Gaetano Donizetti

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The Big Hurt: Pancakes! Lent! Golf!

March has been a true delight in the music-PR department — I haven't seen this many dumbshit stunts since Jackass 3D . Let's roll up our sleeves and thrust our hands elbow deep into a steaming pile of press releases:
This month's inessential press releases
By DAVID THORPE  |  March 25, 2011


"I can no longer stand to let this travesty continue," sings a character in Madame White Snake , the new opera based on an ancient Chinese legend co-commissioned by Opera Boston, which has just presented its world premiere. I'm afraid I shared the senti
Opera Boston presents the world premiere of Madame White Snake; plus the Leipzig Gewandhaus and Boston Philharmonic
By LLOYD SCHWARTZ  |  March 05, 2010

Epic undertaking

The act four sequence of quintet, septet, and love duet is non-stop musical orgasm.
Berlioz’s Les Troyens at the BSO; Opera Boston attempts Verdi’s Ernani
By LLOYD SCHWARTZ  |  May 07, 2008

Decoding Balanchine

Nancy Goldner’s diminutive new book about George Balanchine’s choreography is deceptively readable.
Nancy Goldner on Mr. B
By MARCIA B. SIEGEL  |  May 06, 2008

Is there a pianist in the house?

Moved and excited by pianist Leon Fleisher in Beethoven’s Emperor Concerto with the Boston Symphony, I wanted to hear it again.
A last-minute Emperor at the BSO, Gatti and Ohlsson, BLO’s Elisir, and Brahms meets Weill with the Cantata Singers
By LLOYD SCHWARTZ  |  March 18, 2008

Too much too soon?

Two of the most exciting concerts announced for this winter are on the same date, February 24.
Classical goodies for 2008
By LLOYD SCHWARTZ  |  January 31, 2008


Super abundance

“Something absolutely extraordinary is happening in Venezuela,” announced Tony Woodcock.
Gustavo Dudamel and the Simón Bolívar Youth Orchestra of Venezuela; James Levine’s Berg and Mahler; Measha Brueggergosman at Jordan Hall
By LLOYD SCHWARTZ  |  November 13, 2007

Chris and friends

The hype was huge, but Wheeldon seems to have a modest agenda.
Wheeldon’s Morphoses at City Center
By MARCIA B. SIEGEL  |  October 29, 2007

Luciano Pavarotti, 1935–2007

Luciano Pavarotti was so famous, so beloved, he became the first classical musician since 1940s violinist Jascha Heifetz to have his name become generic.
Generic for tenor
By LLOYD SCHWARTZ  |  September 17, 2007

Beverly Sills, 1929–2007

Beverly Sills, the most loved American opera singer of her generation, died this past week from inoperable lung cancer at 78.
The fun diva
By LLOYD SCHWARTZ  |  July 11, 2007

Operatic oboe

For centuries it has been the ultimate goal of instrumentalists to emulate the singing human voice.
Instruments mimic vocalists
By BEN MEIKLEJOHN  |  January 10, 2007


Village of dancers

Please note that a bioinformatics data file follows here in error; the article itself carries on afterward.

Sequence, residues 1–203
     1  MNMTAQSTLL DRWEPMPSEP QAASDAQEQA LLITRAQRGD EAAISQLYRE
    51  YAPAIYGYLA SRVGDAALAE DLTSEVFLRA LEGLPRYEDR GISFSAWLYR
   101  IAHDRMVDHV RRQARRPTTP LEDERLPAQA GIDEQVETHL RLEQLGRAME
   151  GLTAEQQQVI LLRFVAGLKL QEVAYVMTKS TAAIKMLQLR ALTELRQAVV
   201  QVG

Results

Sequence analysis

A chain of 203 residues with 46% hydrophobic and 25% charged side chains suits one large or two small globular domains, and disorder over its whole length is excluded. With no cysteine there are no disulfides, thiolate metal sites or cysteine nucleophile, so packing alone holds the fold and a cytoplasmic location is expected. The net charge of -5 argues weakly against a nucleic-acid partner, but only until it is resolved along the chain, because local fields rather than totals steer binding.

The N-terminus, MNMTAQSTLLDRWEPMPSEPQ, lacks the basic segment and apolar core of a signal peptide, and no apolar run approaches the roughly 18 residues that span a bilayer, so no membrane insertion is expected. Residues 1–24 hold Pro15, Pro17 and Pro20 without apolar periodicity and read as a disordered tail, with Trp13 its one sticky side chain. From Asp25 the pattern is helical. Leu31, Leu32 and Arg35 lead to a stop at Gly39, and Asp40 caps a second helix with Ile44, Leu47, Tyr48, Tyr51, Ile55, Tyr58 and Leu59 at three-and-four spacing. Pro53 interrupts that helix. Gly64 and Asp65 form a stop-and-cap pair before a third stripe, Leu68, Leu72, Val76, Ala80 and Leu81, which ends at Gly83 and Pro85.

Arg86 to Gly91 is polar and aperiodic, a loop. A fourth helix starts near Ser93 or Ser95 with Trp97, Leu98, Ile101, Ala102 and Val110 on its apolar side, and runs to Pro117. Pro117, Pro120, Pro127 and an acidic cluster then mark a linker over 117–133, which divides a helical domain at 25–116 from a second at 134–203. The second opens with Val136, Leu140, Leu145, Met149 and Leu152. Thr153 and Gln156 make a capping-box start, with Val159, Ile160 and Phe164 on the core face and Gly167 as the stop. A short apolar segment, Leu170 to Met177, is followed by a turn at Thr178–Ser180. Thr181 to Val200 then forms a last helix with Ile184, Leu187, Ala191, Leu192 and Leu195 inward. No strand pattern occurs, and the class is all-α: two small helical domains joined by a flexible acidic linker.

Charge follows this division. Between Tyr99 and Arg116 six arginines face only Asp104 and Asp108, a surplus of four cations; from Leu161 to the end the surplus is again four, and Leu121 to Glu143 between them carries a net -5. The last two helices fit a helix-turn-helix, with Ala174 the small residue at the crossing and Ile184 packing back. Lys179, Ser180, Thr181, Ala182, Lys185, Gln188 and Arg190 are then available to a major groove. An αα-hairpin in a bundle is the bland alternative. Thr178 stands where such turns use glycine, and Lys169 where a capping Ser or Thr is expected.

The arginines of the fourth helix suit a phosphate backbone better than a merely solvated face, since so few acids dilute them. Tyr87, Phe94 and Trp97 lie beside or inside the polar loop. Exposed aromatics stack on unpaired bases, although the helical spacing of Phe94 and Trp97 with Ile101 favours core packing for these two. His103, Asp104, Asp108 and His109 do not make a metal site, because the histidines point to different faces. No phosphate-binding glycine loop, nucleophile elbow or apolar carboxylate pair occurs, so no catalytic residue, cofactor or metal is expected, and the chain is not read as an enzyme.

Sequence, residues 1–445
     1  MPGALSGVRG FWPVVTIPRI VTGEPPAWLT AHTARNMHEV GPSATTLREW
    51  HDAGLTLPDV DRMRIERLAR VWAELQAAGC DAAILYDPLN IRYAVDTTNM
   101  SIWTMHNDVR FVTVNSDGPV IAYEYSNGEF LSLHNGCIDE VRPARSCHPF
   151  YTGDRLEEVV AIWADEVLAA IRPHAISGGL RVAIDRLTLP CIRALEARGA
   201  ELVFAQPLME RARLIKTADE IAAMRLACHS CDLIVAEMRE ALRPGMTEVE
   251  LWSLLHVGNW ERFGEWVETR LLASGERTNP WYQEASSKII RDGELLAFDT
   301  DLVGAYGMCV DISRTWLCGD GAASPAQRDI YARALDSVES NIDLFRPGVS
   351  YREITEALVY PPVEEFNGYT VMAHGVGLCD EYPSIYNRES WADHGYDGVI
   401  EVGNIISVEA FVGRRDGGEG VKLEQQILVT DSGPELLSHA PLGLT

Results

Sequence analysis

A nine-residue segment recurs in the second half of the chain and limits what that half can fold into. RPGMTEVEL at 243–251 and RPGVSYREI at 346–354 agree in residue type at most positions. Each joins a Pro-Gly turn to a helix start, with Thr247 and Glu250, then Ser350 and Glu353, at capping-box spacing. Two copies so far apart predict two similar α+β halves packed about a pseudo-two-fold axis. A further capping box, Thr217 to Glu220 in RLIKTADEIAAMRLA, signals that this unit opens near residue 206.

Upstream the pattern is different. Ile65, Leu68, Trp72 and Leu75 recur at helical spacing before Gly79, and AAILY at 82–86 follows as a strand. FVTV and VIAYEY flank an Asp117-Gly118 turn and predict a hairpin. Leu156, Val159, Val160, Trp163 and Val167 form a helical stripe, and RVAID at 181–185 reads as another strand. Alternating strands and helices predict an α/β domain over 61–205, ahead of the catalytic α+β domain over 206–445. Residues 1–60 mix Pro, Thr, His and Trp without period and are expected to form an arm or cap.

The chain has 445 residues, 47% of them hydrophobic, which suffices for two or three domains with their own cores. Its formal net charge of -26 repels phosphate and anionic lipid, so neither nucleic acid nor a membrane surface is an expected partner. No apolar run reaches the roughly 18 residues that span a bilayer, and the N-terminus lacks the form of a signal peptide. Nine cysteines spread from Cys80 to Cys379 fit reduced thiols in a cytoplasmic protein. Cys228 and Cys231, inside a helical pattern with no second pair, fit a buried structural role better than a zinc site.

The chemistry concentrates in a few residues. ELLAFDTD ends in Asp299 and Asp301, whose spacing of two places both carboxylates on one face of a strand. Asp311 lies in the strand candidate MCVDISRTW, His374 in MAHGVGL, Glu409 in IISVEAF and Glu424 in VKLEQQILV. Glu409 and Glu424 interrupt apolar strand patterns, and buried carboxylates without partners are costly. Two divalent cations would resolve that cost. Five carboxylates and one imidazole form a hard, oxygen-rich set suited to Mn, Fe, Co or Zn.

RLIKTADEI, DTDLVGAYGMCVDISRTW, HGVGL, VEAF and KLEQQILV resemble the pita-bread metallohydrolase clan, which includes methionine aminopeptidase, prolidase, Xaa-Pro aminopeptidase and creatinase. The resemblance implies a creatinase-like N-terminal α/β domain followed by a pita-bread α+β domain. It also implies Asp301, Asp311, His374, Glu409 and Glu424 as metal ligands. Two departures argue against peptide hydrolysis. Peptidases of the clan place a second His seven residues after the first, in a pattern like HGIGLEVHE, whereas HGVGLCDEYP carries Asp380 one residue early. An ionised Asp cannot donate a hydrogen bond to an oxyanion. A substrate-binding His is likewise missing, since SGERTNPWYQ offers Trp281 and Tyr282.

When you hear of a new ballet titled Russian Seasons, you visualize khovorods and trepaks danced in a simulated birch grove by peasants in earth-toned costumes.
Russian Seasons at NYCB
By MARCIA B. SIEGEL  |  June 14, 2006


Of the three operas recently competing with one another, Opera Boston’s presentation of Donizetti’s Lucrezia Borgia was in some ways the most fun.
Opera Boston’s Lucrezia Borgia , the BSO’s Oedipus Rex  
By LLOYD SCHWARTZ  |  May 09, 2006

Carried away

I’ve heard a lot of music in the past couple of weeks — concerts by two major symphony orchestras, with two major young violinists, a hot new-music group, and two opera productions.
Frederic Rzewski, eighth blackbird, Yan Pascal Tortelier & the London Philharmonic, Emmanuel Krivine & the BSO, BLO’s La traviata, Teatro Lirico’s magical Flute
By LLOYD SCHWARTZ  |  April 04, 2006

Opera’s great loss

When the curtain went up at Boston’s Back Bay Theatre for the American premiere of Arnold Schoenberg’s Moses und Aron , in November 1966, two figures were standing back to back in a spotlight on a small disc.
Sarah Caldwell, 1924–2006
By LLOYD SCHWARTZ  |  March 29, 2006

Spring break

Spring rules
The best of what's to come in March, April & May
By WILL SPITZ  |  March 09, 2006


More than Mozart

One of the spring’s most exciting prospects is the premiere of John Harbison’s But Mary Stood: Sacred Symphonies for Chorus and Instruments.
Warming up with a busy concert season
By LLOYD SCHWARTZ  |  March 08, 2006

Schizo scherzo

In the best performances, Mahler’s Sixth Symphony, sometimes called his Tragic , can sound like his greatest.
Haitink’s Mahler, Ligeti études, Britten’s Dream , Donizetti’s Lucia
By LLOYD SCHWARTZ  |  February 09, 2006


The new year brought news of some great losses to the musical world.
The musical community laments
By LLOYD SCHWARTZ  |  January 19, 2006

Boston feasts

The Boston Symphony Orchestra, Celebrity Series, Emmanuel Music, Boston Early Music Festival, and more.
Winter concert preview: classical goodies in 2006
By LLOYD SCHWARTZ  |  January 14, 2006